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Argotte v. Northwestern Mut. Life Ins.

United States District Court, W.D. Kentucky, Paducah Division

March 26, 2015

ALEX ARGOTTE, Plaintiff
v.
NORTHWESTERN MUTUAL LIFE INSURANCE, Defendant

Page 727

For Alex Argotte, Plaintiff: Bartley K. Hagerman, M. Austin Mehr, Philip G. Fairbanks, LEAD ATTORNEYS, Mehr Fairbanks Trial Lawyers, PLLC, Lexington, KY.

For Northwestern Mutual Life Insurance Co., doing business as Northwestern Mutual, Defendant: Allison L. Brown, Cornelius E. Coryell, II, LEAD ATTORNEYS, Wyatt, Tarrant & Combs, LLP - Louisville, Louisville, KY.

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MEMORANDUM OPINION AND ORDER

Thomas B. Russell, Senior United States District Judge.

This matter is before the Court on competing motions for summary judgment. Defendant Northwestern Mutual Life Insurance (" Northwestern Mutual" ) has moved for summary judgment on all claims (Docket #39), Plaintiff Alex Argotte has responded (Docket #45), and Northwestern Mutual has replied and supplemented that reply. (Docket #52, 60). Argotte has moved for partial summary judgment (Docket #43), Northwestern Mutual has responded (Docket #49), and Argotte has replied (Docket #55). Northwestern Mutual's motion (Docket #39) will be GRANTED in part and DENIED in part. Argotte's motion (Docket #43) will be DENIED.

BACKGROUND

This case arises out of six disability policies that Dr. Alex Argotte purchased from Northwestern Mutual. Argotte is a surgeon. He has suffered two maladies -- carpal tunnel syndrome and central serous retinopathy -- which he claims qualify him for disability benefits. (Docket #43).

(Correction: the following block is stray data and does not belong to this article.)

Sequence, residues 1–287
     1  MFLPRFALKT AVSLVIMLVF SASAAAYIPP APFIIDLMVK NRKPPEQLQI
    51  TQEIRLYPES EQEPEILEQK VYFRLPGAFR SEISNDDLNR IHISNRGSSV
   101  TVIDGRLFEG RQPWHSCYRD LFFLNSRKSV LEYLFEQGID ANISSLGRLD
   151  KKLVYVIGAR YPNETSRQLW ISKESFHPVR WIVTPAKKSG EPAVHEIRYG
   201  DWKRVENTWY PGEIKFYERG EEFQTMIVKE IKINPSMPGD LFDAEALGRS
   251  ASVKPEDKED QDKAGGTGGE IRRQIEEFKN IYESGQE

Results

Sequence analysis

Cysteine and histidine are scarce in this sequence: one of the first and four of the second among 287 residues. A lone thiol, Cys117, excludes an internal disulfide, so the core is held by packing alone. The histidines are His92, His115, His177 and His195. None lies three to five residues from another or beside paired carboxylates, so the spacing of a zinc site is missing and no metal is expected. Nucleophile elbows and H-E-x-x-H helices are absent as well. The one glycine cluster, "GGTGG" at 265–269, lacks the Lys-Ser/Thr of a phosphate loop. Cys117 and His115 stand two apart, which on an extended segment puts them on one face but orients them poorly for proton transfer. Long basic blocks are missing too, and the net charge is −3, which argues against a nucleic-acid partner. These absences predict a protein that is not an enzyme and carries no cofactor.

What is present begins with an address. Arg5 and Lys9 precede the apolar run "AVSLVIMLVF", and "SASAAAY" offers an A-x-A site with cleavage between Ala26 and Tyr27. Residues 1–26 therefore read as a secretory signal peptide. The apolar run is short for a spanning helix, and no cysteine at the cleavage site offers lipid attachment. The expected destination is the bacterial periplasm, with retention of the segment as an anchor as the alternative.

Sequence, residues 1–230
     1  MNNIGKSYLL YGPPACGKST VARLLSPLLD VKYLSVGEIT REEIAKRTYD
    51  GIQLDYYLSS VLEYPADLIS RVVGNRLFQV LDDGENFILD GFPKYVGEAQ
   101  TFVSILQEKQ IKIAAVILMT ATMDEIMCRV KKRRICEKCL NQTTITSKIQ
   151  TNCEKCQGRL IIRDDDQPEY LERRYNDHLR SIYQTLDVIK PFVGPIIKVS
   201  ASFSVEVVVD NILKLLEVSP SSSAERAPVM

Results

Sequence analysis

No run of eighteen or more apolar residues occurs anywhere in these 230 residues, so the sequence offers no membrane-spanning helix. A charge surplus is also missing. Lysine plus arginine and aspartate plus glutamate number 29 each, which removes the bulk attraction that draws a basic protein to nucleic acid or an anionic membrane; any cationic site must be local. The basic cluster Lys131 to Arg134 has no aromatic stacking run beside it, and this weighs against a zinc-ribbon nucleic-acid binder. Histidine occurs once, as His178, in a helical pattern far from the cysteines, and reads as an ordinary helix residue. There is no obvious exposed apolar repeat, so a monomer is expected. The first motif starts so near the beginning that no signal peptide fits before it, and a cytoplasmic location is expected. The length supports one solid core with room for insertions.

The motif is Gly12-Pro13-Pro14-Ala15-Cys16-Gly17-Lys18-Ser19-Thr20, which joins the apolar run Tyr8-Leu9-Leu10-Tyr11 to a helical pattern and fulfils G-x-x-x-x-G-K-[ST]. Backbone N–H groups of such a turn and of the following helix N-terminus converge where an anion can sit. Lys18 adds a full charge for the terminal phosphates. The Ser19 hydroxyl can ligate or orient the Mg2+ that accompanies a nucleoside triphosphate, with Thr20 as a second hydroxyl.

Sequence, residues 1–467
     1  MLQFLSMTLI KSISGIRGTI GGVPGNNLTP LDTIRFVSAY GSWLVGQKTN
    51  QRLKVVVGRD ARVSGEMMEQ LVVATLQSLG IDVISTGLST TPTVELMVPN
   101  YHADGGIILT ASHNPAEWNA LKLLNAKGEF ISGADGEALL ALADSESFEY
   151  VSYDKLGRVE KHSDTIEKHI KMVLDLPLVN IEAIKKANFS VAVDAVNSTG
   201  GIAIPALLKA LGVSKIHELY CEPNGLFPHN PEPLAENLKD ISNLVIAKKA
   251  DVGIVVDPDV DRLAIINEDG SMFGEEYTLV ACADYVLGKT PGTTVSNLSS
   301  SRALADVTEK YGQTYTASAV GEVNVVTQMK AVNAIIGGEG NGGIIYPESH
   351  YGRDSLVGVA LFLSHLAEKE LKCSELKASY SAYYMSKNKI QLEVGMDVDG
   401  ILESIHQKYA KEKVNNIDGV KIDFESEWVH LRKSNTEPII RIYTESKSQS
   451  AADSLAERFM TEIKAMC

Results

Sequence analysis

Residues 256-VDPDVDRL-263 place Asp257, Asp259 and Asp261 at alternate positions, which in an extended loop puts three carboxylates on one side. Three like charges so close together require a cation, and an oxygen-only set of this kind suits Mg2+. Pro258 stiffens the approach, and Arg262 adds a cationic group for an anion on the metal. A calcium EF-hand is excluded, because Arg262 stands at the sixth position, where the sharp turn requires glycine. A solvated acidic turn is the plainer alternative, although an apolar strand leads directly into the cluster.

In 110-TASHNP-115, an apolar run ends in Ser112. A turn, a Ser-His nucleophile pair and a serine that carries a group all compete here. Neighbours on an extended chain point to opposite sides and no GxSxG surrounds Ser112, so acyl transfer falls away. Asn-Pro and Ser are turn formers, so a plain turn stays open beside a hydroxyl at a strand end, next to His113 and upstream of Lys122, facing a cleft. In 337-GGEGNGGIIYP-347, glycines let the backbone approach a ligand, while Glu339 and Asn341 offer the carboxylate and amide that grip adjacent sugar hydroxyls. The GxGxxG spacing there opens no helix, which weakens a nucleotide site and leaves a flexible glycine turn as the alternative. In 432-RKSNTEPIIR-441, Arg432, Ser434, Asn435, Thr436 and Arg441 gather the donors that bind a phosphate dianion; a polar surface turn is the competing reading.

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The parties strongly disagree on how to interpret several medical examinations of Argotte.

In 1994, Argotte purchased his first " own occupation" disability insurance policy from Northwestern Mutual. (Docket #43). Argotte added coverage, ultimately purchasing six disability policies. The policies define " total disability" as: " Until the end of the Initial Period,[1] the Insured is totally disabled when he is unable to perform the principal duties of his regular[2] occupation. After the Initial Period, the Insured is totally disabled when he is unable to perform the principal duties of his regular occupation and is not gainfully employed in any occupation." (Docket #1-1).

Argotte's first disability claim stemmed from the pain and limited range of motion he was experiencing in his right hand. In June, 2009, Argotte underwent surgery to remove a carpal boss in the joint of his right wrist. The surgery was performed by Dr. Charles Goldfarb. Argotte also received treatment from Dr. Shiraz Patel and underwent physical therapy at Restoration Physical Therapy. (Docket #43). Argotte filed a disability claim for this ailment in November, 2009. (Docket #43). In May, 2011, Northwestern Mutual had Argotte submit to an independent medical evaluation performed by Dr. Martin. (Docket #43-17). In August, 2011, Northwestern Mutual denied Argotte's claim.